So, today I finally got back to my CodeAcademy account. I’m pleased to be making progress again, as I’d stopped in the middle of one of the later PHP modules, but I completed two steps before it reminded me of why I ended up stalling last time.

I’ve been using the site as a refresher and alternate perspective. I completed their HTML and CSS modules in short order; while it taught me a few things, it ended up mostly being a reaffirmation that I’ve at least got the basics down. The PHP modules have been a slightly different experience. The introductory modules almost entirely tread familiar ground, but I began noticing that I was having a harder time identifying and correcting problems than I was used to.

Once I was a few modules deep, I realized what was going on: I could have the problem solved correctly, but still produce an error because I wasn’t writing a string or variable name or whatnot exactly as the module had been programmed to expect. Human teachers aren’t hung up on these things, as it’s consistency that matters more often than not, so it took me a bit to realize when I was being failed for writing $somevalue rather than $someValue.

This wasn’t a big deal during, say, the Arrays modules. However, once I started getting to material that was new to me, particularly the Object-Oriented Programming section, a few concepts became exercises in frustration. I would get stuck trying to figure out where I’d messed up my code when I’d actually just used a letter case in my variable they hadn’t expected, or substituted my own string for their suggested wording where they were string-matching to ensure I’d echoed the right text. It began to drive me a little nuts, as I was often naming the relevant variables and whatnot consistently. The code would work, but not according to the lesson. Once I’d slogged through a handful of lessons with these types of snags, I took a break, and the break became weeks while I shifted focus first to my impeding thesis defense and then to post-defense finalization.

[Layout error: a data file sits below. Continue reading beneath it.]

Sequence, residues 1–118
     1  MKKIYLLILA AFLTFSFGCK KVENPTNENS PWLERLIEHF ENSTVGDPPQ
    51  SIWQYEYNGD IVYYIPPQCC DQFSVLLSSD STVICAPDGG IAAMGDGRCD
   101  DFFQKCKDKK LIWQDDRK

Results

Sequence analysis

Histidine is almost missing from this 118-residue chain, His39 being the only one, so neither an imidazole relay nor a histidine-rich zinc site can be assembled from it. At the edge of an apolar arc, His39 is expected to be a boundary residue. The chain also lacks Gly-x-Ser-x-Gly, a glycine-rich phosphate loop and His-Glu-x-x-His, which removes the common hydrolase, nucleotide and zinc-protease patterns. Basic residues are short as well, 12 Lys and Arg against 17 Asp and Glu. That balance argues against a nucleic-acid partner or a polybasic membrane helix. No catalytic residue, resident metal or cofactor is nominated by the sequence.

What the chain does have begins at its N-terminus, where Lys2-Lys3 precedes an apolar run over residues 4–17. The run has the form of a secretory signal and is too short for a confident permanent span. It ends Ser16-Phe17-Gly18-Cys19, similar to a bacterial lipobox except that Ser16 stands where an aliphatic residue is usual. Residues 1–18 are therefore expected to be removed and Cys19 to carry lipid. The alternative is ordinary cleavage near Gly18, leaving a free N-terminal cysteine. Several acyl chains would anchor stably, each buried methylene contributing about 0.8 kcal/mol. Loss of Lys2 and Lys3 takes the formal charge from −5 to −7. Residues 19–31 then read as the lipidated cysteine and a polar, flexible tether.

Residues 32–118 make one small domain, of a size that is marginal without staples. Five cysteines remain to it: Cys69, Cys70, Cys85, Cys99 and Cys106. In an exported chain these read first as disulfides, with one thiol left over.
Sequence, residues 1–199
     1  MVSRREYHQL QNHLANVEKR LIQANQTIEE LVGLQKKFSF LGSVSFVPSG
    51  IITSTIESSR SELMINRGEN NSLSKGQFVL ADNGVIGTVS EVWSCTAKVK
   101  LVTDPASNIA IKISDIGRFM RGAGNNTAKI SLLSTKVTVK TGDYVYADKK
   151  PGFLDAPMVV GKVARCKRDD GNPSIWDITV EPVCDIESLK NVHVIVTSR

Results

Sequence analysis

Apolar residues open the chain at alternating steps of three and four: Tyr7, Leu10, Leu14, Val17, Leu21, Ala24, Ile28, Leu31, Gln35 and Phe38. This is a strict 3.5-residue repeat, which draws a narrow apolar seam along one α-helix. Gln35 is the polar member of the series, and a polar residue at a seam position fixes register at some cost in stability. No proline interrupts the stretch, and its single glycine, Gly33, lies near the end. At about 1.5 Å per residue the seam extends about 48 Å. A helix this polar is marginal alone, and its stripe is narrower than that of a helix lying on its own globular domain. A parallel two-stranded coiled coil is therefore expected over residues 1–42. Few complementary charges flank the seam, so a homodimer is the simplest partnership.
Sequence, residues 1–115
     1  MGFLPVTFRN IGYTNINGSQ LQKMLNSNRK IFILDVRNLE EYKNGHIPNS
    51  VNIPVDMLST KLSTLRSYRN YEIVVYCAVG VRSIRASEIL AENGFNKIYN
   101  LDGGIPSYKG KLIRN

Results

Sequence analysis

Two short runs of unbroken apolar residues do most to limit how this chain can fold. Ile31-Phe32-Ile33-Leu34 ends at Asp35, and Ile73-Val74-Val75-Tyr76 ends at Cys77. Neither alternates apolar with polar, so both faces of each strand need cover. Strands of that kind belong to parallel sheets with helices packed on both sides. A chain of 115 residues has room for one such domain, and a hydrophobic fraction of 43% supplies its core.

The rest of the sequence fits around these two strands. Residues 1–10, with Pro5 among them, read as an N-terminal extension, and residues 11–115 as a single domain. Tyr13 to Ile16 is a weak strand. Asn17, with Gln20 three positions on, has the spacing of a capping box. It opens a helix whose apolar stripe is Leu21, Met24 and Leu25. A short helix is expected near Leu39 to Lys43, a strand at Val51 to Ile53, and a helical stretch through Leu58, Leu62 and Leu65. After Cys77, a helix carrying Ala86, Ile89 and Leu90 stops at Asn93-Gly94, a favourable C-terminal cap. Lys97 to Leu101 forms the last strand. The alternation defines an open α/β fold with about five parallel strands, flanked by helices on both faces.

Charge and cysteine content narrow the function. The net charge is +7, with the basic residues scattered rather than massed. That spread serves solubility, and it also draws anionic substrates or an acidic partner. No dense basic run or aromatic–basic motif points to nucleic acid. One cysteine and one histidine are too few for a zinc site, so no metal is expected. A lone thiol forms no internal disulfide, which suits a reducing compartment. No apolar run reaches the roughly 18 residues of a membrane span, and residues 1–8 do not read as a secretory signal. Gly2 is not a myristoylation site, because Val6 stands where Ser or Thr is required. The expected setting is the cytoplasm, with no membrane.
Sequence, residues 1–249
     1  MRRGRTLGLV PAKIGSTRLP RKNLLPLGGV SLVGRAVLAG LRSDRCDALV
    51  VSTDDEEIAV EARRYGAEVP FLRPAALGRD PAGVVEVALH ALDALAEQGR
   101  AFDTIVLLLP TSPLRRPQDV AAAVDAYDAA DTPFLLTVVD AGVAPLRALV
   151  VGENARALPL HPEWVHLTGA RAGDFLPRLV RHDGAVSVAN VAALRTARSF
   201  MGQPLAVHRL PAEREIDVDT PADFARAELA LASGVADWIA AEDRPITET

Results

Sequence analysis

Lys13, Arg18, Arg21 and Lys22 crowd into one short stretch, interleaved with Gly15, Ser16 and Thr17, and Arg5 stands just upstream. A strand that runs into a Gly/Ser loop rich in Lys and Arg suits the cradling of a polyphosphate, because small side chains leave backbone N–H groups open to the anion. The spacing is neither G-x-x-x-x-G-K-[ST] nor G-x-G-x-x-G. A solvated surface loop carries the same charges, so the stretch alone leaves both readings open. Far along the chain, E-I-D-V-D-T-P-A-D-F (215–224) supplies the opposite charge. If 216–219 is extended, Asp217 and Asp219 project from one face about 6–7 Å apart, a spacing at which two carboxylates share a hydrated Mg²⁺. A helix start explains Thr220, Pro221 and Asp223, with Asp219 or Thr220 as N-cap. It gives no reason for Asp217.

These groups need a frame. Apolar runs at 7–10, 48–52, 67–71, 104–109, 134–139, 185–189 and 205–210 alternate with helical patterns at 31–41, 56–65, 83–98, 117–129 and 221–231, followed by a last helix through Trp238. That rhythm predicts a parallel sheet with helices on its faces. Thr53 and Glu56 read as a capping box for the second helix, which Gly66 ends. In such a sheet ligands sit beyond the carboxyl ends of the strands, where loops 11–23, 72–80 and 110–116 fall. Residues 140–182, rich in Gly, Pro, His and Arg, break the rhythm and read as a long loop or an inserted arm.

But, I still want to learn this stuff. Now that I’m no longer funneling most of my energy toward the university, I’m better equipped to persevere. I’m getting enough out of the modules that they’re worthwhile despite the occasional maddening extra layer of troubleshooting to contend with. I aim to go through at least the JavaScript and Python modules before I’m done with the service.

That said, I’m glad that I’m not coming to programming as an entirely new set of concepts. Getting classroom and work experience first has made it easier to work with the site’s quirks and the odd instructions that lack clarity.